PNU fight hard in national Spring League In early April, our mates from Busan were doing it tough in the university Spring League, bringing up the question of whether we could foot it there. Richard Jang went to catch the action. By Richard Jang On a sunny Monday afternoon, true Korean-style dirt rugby kicked off at the Onsu rugby grounds with a massive crowd of parents that made the match look more like a midget hockey game than a university rugby match. With all that behind, Pusan National University (PNU) Eagles marched out to the dirt pitch to play their biggest match of the Korean Rugby Union Spring League against Wonkwang University. With Wonkwang University recruiting rugby players from the high school academy system, the size difference stood out, but the game showed size isn‟t such a big factor. After the ritual singing of school songs, the Eagles kicked off and from the first

ruck of the game, their lanky tighthead pushed back the big Wonkwang forwards and forced a turnover. The Eagles spun the stolen ball wide and, just before the line, the ball was knocked on. First scrum of the match, the PNU Eagles were at least fifty kilograms underweight. The size difference was obvious from the far sideline but the Eagles wheeled the scrum and got the ball back. From the successive scrum, PNU gathered the ball from the number 8 and the first five put through a drop kick to get on the board, 3-0, to the Eagles. PNU played the first twenty minutes deep in the Wonkwang zone but they failed to execute their chances, despite numerous phases of play. The experienced Wonkwang side held firm and exploited the Eagles‟ greenness with an intercept on the wing. They ran seventy metres downfield to score a try under the post. From there, the tide had turned. PNU still dominated forward play but numerous knock-ons killed their momentum. Wonkwang‟s first five was sin -binned late in the first half for repeated high tackles and PNU put the gas down to score a try before half time. A couple more PNU knock-ons and an advantage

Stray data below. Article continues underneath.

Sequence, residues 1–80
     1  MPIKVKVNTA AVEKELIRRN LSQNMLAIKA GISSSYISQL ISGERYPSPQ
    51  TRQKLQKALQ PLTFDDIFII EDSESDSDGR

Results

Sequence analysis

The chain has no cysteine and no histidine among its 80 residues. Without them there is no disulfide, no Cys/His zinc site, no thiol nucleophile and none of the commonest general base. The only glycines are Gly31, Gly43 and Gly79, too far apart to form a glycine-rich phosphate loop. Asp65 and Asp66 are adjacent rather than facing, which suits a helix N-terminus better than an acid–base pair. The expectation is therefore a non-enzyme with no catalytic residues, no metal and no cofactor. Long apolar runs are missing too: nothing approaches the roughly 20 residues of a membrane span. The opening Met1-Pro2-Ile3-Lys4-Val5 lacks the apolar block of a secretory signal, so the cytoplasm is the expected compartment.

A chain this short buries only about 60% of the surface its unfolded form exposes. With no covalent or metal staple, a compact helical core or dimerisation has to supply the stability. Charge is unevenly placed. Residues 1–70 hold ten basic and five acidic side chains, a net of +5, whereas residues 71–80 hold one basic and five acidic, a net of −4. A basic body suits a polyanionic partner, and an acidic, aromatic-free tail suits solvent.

call saw Wonkwang score the last try of the half. The second half saw some more fierce rugby with some massive tackles and big scrums. PNU came out flat in the second spell, allowing two quick tries from the start. With a long huddle at the end zone, they re-gathered and started pushing hard again. PNU scored their first try of the match when the first five chipped the ball into the corner and the prop ran into gather the ball before the Wonkwang backs did. Wonkwang looked shaky from there on, allowing PNU to rampage around the field. But their finishing touch needed some refining, knocking the ball on two metres from the line and failing to score on a 3-on-1 chance. With five minutes on the clock, the Wonkwang number 10 was sent off for repeated high tackles. PNU gathered to push harder, and the last try of the match came in the classic orthodox style of using numbers out wide. PNU wing finished with a twenty metre run into the corner of the field for a try. Final score: 13-25. But the score doesn‟t reflect the game itself by any means. It was one great game to watch on a nice sunny spring afternoon.

Public Transport : Apgujeong Stat ion ( # 3 3 5 ) Exit 6 . Walk down t he road for about 50 0 meters and t hen t urn right bet ween Shinsa Middle School and Hyundai High School. Walk t o t he end of t he road and t urn left at t he T-junct ion. Keep walking, after 75 met ers t here is a t unnel on your right . This t akes you under t he Olympic Expressway and brings you out in a car park by t he river. The rugby pit ch is on t he right of t he car park. Driving: Go sout h over Hannam bridge over t he Olympic Expressway, t urn right t owards Apgujeong St n. The road loops around and you head east parallel wit h t he river but sout h of t he Olympic Expressway. After 5 00 m t urn left at t he t raffic light bet ween Shinsa Middle and Hyundai High schools. Go to t he end of t he road, t urn left and after 7 5m t urn right t hrough t he t unnel under t he Olympic Expressway. The rugby pit ch is on t he right of t he car park.

Survivors Newsletter 203  

Volume 2, Issue 3